Write down the factors of all of the numbers from 8 to 18 and then write down how many factors each of those numbers has.

He proudly tells me that he “discovered” that all of the prime numbers only have two factors and then we talk about why perfect squares have an odd number of factors.  Happy with how the math went this morning.

We  wrapped the math up by making our daily math movie – MathProblems53:

After that, a little Rubik’s cube practice for him and then my older son is back from the walk.

7:40  The math topic for my older son today is the quadratic equation.  We’ve been following Art of Problem Solving’s Algebra book for about a year now.  As with my younger son, we are not moving through the book particularly quickly.  Rather we are trying to cover the difficult topics in detail.  We’ve spent most of our time since the beginning of September talking about quadratic expressions, and today we finally get to the punch line!  It was fun to see all of the steps from completing the square come together for the general solution.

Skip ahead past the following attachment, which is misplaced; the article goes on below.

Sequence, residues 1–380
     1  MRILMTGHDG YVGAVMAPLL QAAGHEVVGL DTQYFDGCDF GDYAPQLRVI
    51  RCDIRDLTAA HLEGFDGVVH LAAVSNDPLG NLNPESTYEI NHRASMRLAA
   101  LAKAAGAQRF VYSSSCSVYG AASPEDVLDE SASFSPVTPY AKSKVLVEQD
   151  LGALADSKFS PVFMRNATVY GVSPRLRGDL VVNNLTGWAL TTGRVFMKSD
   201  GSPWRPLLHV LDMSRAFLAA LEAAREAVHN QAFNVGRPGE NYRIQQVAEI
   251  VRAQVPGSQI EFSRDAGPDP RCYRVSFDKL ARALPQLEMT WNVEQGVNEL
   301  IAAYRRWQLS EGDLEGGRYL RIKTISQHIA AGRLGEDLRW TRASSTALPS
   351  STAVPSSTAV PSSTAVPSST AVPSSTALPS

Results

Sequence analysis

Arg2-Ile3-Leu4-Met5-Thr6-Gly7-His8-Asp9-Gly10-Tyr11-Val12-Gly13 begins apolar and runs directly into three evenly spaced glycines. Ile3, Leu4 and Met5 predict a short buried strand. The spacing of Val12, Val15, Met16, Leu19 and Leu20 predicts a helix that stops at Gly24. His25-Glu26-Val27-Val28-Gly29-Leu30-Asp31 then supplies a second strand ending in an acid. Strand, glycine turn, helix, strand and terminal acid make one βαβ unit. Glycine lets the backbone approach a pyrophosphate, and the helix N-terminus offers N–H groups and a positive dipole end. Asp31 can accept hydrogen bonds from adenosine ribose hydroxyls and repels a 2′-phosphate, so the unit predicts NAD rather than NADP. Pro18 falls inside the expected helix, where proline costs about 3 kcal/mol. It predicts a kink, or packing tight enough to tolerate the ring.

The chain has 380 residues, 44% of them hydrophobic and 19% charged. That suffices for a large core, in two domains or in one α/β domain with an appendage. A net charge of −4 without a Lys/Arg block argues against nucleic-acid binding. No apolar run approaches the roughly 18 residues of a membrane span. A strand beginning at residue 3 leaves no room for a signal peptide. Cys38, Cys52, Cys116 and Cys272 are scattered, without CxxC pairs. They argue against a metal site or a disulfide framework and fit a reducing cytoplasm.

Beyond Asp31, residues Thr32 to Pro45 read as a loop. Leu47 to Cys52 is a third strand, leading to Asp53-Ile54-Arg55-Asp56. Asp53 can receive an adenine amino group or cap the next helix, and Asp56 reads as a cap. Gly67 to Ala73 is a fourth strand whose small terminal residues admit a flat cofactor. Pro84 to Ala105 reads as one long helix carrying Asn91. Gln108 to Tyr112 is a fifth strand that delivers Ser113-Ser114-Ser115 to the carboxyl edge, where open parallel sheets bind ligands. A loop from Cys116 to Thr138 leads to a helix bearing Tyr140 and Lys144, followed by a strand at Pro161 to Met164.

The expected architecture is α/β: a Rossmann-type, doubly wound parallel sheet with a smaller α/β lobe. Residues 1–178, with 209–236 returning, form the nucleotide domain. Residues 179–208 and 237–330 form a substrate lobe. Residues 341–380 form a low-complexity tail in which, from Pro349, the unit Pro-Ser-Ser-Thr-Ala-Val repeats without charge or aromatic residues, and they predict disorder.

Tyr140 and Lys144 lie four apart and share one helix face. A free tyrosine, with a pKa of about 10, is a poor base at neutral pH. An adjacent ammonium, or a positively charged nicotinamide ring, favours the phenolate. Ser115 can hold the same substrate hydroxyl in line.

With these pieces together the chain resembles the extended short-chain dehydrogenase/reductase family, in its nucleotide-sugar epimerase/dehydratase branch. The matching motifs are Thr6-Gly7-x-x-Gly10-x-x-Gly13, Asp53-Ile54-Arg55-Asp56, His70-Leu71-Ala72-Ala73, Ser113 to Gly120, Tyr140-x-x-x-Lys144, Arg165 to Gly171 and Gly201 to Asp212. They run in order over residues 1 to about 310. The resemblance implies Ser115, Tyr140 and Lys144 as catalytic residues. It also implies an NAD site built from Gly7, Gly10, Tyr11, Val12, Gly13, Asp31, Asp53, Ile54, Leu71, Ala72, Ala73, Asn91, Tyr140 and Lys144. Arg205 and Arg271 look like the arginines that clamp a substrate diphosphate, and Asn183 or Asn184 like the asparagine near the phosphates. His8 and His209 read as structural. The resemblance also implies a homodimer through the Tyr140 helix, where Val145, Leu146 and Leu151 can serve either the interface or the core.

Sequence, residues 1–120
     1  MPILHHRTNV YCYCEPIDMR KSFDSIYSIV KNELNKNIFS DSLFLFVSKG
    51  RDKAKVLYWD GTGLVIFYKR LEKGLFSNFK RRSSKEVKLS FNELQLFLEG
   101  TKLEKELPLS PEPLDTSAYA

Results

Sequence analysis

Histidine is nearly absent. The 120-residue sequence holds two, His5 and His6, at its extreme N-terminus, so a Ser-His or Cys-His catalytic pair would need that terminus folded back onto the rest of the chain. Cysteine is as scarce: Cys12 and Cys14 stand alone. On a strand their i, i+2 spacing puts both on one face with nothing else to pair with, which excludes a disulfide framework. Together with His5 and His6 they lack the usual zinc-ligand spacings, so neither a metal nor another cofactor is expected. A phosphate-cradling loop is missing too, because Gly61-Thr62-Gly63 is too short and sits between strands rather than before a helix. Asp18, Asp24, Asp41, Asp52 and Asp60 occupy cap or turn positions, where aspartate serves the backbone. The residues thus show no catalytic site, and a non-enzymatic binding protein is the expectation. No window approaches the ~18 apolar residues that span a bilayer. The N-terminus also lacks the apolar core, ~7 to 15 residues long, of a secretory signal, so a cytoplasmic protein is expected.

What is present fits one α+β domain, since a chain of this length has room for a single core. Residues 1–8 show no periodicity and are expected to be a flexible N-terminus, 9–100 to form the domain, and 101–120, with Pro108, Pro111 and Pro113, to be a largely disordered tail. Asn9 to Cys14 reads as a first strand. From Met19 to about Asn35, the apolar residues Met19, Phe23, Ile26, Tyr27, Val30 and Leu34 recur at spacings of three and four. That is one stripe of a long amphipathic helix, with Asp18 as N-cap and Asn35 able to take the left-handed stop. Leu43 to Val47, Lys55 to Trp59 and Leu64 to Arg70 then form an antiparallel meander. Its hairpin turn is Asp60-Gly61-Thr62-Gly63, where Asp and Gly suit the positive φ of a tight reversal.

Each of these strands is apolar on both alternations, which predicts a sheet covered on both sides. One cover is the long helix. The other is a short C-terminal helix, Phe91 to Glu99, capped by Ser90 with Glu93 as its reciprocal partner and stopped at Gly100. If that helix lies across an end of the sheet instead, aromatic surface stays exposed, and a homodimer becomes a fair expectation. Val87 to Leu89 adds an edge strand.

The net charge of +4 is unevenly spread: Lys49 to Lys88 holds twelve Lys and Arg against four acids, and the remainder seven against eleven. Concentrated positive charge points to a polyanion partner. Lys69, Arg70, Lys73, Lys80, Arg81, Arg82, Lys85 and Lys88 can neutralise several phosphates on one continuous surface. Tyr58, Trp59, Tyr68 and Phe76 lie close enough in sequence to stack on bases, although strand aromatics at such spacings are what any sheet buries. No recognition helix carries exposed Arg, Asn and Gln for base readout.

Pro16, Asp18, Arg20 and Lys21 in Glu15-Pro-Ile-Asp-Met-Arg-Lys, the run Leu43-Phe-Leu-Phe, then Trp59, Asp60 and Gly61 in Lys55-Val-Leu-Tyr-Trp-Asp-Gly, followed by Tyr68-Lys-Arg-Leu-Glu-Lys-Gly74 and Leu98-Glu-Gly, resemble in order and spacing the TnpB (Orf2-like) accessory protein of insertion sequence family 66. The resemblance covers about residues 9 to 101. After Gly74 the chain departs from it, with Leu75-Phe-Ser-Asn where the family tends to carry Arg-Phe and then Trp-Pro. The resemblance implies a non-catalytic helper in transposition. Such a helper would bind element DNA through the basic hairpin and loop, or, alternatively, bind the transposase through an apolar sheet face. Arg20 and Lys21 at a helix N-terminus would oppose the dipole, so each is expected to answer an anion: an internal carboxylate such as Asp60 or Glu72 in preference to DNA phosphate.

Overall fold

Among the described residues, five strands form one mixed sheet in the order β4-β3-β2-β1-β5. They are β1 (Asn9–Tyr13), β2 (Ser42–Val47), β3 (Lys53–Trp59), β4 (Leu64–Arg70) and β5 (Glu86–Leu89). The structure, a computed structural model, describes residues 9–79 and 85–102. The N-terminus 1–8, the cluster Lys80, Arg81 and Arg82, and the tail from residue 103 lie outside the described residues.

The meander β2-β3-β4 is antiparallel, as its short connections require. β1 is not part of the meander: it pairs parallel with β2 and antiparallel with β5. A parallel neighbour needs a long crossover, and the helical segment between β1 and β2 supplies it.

After deriving the general solution, we solved a few equations and then made our movie:  KidMath53:

With that movie finished, I gave him a MOEMs test to practice.  Both the kids have grown to really like math contest problems, so I use them a lot to give them a little math variety.   While he was working on that, I processed the two movies.

8:30  He’s done with the practice test and I’m off to work.  Most days I bike into work, but we had some storms last night so I’m driving in.  I’ll bike home tonight.  My wife takes over the school duties after I leave.

9:00 Arrive at the office and hit the ground running.  Have a couple of questions waiting for me from a project several of us were working through this weekend.  Working through these problems is interrupted several times from calls from London.  My partner is traveling to the US now and will be in our office tomorrow.  We’ll have lots of stuff to get through if all of the calls from London today are any indication.  I’m heading to London next week.  It will be a busy day and week . . . .